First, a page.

Juxtapose these with the fact that the boycott campaign is still getting an audience, the human rights reports on the Lebanon War last year condemning Israel for its actions (as well as Hizbollah, mind you), and other little reports that are slipping its way into the internet is really unmasking David for the Goliath he really is. It's not easy to keep all of this under wraps, and with every threat into Gaza leaving more Palestinians dead, the occupation is not quite so "benevolent" as Israel's supporters would claim it to be. In Ramallah, another life is in critical condition with three shots to the back of the head by the IDF. And this is the West Bank, under Abbas' soveriegnity. Because it is Fatah-controlled, therefore Hamas is left to dry, as two of their members were taken by Israel. This is the way it will be under the current blueprint for two states: Israel imposes its will, the Palestinians have no choice but to be humiliated.

But what is the most damning are those settlements. And I hate to be a broken record but it is this attempt to "create facts on the ground" that ultimately will lead to another intifada or another disaster, whichever comes first. Making apartheid is something that should not be tolerated, and it seems that most Western nations are complicit since there is no outcry or no cessation of funds that continue to pay for these violations of international law. Whether it be the United States, Canada, Australia or Great Britain, there is a trickle that connects us with the occupation in one form or another, however minute it could be. It's as simple as your tax dollars finding its way into the Middle East or a purchase from the biggest bookstore in the city. I'm not equating this ignorant act from one that overtly supports Israel, but if we do educate ourselves maybe we can help this boycott a little, create a fiasco over those settlements that is strangling the Palestinians fight for a state.

Why such an opposition towards these settlements? Not only are they illegal, but they are infringing on every part of Palestinian life. They are deleting the agriculture, the economy of the Palestinians, surrounding their villages into enclaves, cutting them off from other parts of the West Bank (especially East Jerusalem) and finding their water going to the Jews. It has gotten so bad that the Israeli government is withholding the publication of the Spiegel Report for fears that the conclusion would not be pleasing for Washington. (Missing the point entirely since Bush has been silent on this issue and basically legitimised it a couple of years back.)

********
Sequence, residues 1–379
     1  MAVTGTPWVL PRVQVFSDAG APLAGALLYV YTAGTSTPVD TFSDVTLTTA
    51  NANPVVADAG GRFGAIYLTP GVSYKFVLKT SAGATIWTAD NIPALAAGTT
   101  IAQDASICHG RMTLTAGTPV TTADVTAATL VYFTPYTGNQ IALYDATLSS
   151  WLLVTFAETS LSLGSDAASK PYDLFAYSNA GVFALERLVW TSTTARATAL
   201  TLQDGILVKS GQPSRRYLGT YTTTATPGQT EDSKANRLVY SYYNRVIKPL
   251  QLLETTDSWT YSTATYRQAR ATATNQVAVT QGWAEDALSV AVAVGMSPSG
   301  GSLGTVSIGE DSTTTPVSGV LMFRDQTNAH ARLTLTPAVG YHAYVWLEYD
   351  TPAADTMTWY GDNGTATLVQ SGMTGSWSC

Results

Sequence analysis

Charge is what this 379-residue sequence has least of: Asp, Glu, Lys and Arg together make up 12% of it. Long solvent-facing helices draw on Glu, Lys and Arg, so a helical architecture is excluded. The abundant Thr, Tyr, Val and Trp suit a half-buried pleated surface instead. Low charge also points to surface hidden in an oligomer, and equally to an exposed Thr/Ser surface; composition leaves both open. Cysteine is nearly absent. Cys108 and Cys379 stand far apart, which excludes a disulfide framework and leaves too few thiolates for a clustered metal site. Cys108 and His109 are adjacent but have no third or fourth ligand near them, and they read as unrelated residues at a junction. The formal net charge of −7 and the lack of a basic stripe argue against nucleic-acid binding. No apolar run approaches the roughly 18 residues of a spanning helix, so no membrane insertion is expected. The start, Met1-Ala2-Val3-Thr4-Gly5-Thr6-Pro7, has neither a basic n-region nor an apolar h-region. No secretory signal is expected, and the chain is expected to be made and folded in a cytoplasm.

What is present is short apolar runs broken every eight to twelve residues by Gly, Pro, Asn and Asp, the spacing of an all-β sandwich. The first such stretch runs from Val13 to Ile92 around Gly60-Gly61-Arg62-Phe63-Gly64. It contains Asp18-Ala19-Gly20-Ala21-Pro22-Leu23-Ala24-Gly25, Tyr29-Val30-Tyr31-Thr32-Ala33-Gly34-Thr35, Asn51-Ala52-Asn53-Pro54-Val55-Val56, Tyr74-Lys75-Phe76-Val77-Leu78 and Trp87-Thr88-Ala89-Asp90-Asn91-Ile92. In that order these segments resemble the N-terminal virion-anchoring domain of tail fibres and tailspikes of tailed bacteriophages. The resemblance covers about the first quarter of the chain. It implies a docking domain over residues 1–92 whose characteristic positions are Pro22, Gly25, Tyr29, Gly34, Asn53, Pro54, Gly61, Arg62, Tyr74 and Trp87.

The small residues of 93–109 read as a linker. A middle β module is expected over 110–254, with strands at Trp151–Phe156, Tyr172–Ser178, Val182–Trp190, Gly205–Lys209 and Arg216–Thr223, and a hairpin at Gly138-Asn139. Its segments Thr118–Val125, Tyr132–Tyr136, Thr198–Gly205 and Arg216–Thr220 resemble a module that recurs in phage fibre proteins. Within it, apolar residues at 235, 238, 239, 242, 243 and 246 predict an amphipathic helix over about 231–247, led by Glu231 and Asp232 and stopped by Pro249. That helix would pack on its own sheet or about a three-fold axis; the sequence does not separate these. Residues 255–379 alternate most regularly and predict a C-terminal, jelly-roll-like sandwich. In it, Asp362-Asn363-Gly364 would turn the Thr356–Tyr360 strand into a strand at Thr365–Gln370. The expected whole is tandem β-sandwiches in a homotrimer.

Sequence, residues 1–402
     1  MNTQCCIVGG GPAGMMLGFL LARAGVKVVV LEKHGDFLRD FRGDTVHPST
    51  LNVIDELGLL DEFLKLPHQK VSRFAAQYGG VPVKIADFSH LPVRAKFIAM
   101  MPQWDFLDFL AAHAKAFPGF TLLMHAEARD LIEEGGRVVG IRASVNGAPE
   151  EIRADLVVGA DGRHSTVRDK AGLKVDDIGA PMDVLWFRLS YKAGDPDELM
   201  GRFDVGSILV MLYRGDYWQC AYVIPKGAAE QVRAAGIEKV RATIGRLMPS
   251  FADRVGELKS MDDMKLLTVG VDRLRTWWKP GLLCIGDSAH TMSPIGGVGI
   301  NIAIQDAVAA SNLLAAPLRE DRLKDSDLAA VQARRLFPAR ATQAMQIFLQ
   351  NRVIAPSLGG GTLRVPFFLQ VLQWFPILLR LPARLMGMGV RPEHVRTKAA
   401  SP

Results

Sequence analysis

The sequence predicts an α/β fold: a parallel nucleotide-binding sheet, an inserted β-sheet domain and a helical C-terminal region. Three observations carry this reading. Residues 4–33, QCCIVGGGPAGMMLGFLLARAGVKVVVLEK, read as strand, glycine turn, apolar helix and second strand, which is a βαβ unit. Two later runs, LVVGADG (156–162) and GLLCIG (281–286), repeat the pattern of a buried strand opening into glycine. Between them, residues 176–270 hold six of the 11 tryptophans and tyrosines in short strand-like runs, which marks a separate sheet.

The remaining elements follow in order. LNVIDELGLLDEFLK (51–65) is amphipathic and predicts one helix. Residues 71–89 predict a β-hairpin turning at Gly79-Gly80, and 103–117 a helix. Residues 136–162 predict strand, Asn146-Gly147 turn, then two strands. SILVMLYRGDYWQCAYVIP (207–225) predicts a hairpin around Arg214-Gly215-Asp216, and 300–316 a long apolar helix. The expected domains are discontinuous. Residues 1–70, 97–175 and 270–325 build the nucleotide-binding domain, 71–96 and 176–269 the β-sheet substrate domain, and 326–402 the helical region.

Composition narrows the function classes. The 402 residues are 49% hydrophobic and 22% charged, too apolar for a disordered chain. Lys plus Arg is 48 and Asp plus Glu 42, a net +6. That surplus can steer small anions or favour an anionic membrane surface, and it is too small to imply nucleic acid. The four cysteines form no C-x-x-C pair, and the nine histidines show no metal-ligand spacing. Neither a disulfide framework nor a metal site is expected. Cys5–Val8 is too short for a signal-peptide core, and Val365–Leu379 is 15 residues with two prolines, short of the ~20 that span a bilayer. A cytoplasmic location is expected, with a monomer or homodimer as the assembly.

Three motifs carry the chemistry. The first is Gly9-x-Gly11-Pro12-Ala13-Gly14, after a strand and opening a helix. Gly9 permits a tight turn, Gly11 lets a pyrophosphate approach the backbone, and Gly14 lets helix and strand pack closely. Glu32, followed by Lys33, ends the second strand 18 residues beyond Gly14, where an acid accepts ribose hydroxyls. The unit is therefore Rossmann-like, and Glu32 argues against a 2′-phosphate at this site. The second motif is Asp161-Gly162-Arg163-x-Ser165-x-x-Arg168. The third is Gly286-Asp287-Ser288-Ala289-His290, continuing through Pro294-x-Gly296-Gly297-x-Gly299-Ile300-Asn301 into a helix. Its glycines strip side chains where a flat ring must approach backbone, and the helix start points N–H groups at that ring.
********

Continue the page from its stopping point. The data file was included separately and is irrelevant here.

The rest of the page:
"Military sources said that the report has been kept secret to avoid embarrassing Israel's relations with Washington.

Under the internationally-backed roadmap, Israel must freeze all settlement activities and vacate settlements constructed after March 2001.

The Spiegel report is seen as the largest database ever compiled by state authorities on settlement activities in the occupied Palestinian lands.

It reveals extensive building in key settlements, often on privately owned Palestinian lands.

The report's data came from the Civil Administrative and other Israeli government agencies as well as from photographic sorties carried out by civilian aircraft.

The report was compiled in response to incomplete figures provided by the government on settlement activities in the occupied lands."

The Report revealed what was known to everyone on the ground; so this was not news. However, due to the censorship of the authorities, it is all the more damning that these settlements are the focal point of the occupation, one that is displacing Palestinians, usurping their land and making them refugees in the process. Attempting to deflect the issue, it only makes the case against the settlements stronger. All along, this activity has been relatively tolerated by the West, leaving Palestinians to fend for themselves, putting faith in brokered agreements that was meant to alleviate the hardship of a land stolen. Oslo, Taba, Camp David, the Road Map; this all led to more settlements. The Palestinian state was a desired 22% of historic Palestine; now they are left with half of the West Bank with the Jordan Valley in complete Israeli control. Jeff Halper said that Israel will have "two Eastern borders". That's unheard of in today's civilised society.